We’ve Got A Taste For
Tradition

EST. 1855

Up Your Cooking Game

Choose your Technique:

Sear
Roast
Grill
Smoke
Braise
Sous
Vide
Sear Sear

Start searing while it’s hot

When searing pork in a skillet, preheat your pan in oil on medium-high heat before adding in your meat.

The high temperature gives your cut a golden hue while ensuring it is cooked evenly throughout.

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Bone-in won’t dry it out

To prevent dry, overcooked texture common in pork, leave the bone in while cooking in a skillet.

This helps keep the meat moist and gives it an even sear throughout.

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Dry it before you roast it

When roasting in the oven, help your cut cook evenly throughout by completely drying it before you start prepping. If you have time, leave it unwrapped in the fridge for a few hours. In a crunch, patting the cut dry with a paper towel works too.

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Win dinner by scoring

For crackling skin on your pork roast, score the outer layer with ‘X’ shaped cuts about one inch long. This lets the heat get deep into the fat without letting the juices escape, giving it a crisp, even finish.

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Roast Roast

Fill your smoker with the right wood

When smoking pork, an essential element of the flavor comes from the wood you put into your smoker. Whether you prefer a smoky, oaky or sweet infusion, don’t forget to consider which type of wood pairs best with the meal you are making.

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All cuts are not created equal

Smoking times vary greatly by the size and type of cut, but all need to reach an internal temperature of at least 195 degrees Fahrenheit. Once there, test the meat by trying to rotate a fork in it or by attempting to pull out a bone.

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Smoke Smoke
Braise Braise

Braise it brown

Whether you braise your pork on the stovetop, oven or slow cooker, the first cooking step is to get it brown. Each side should reach a deep golden hue and then set it aside to let other parts of the meal cook in those same juices.

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Improv for more possibilities

Part of the fun when braising is improvisation. The liquid added while cooking your pork and vegetables can be used to add richness to your final dish, strained to make a sauce or saved for later as a broth or the start of a stew.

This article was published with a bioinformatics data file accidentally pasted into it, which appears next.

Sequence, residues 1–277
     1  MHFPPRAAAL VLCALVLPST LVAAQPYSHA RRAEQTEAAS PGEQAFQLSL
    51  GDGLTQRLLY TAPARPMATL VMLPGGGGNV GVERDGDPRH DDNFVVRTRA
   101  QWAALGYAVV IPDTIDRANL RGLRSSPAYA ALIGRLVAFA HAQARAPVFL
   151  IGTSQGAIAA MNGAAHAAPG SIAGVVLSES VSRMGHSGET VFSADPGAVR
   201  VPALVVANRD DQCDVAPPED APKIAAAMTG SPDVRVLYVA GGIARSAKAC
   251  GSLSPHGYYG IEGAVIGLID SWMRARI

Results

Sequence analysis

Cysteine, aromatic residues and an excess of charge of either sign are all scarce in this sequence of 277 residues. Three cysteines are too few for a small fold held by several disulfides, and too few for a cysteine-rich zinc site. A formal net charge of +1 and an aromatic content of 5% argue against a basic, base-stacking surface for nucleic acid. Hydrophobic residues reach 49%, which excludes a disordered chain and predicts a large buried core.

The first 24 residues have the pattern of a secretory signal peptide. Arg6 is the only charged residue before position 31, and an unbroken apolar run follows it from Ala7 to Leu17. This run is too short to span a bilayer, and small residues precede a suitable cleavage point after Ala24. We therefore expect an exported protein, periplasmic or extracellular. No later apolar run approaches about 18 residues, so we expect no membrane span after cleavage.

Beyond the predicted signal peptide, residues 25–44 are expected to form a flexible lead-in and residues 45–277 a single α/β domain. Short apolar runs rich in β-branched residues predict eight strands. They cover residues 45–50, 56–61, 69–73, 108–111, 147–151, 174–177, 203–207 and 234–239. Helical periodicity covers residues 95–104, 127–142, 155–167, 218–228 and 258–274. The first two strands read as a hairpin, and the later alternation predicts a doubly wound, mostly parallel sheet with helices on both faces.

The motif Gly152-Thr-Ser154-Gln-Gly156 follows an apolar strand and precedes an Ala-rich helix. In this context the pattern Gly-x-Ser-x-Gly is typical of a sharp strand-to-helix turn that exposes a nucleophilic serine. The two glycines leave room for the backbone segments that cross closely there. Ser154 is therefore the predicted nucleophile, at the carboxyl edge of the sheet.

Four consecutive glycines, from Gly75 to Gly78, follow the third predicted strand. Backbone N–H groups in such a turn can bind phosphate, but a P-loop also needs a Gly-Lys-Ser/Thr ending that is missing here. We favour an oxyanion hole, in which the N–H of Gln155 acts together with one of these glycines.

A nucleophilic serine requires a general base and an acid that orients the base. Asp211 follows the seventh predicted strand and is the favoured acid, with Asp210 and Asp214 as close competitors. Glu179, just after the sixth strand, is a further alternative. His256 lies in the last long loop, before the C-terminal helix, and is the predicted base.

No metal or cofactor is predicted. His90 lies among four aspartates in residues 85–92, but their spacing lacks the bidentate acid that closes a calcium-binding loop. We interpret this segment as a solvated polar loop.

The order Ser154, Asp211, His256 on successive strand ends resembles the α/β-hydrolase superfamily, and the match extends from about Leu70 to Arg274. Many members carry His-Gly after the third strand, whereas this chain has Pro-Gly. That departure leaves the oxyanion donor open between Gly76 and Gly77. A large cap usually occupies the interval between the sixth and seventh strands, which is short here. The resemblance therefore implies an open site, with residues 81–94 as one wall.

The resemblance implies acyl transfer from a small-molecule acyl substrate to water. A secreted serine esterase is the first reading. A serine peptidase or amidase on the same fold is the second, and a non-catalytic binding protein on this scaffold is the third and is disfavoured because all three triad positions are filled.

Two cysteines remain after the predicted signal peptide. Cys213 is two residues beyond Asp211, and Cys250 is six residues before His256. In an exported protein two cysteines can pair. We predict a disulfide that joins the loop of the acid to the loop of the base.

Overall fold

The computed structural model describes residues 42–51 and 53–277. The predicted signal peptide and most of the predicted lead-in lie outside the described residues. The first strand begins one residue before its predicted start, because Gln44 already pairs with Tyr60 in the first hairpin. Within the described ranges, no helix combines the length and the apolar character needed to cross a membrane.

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Sous Vide for an even cook

Sous vide has taken off in popularity recently because of its precise temperature, resulting in perfectly even and tender pork. Try a thicker cut of meat like tenderloin or pork chops which can be tougher to get as juicy with another cooking method.

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Seal the deal by searing

Once your cut has been fully cooked sous vide, pan sear to give it flavor and a nice finish. Add additional seasoning and sear for around two minutes on each side to elevate your meal.

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Sous Vide Sous Vide
Grill Grill

Find your balance when grilling

When grilling pork, the juiciest results come from the right temperature balance. Whether using hot coals or a gas burner, try a combination of both direct and indirect heat for a seared and tender finish.

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Test Your Sauce Skills

Add flavor and prevent dried-out pork with a simple marinade. Mix Worcestershire and soy sauce to give your meat a kick instead of a sugar-based sauce, which could lead to burning if applied too early.

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A Swift History

Roll over to discover how we went from one man’s vision to the global company we are today:

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The
Butcher

When it comes to your meat, just any cut won’t cut it. Let our expert who’s worked the counter for years and is versed in everything from grades to grains help you choose a cut packed with flavor.

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The
Cook

No matter your cooking skill level, a little guidance from an expert can go a long way. Our cook can help you perfect your technique from flavoring to timing and everything in between so you can take your meal to the next level.

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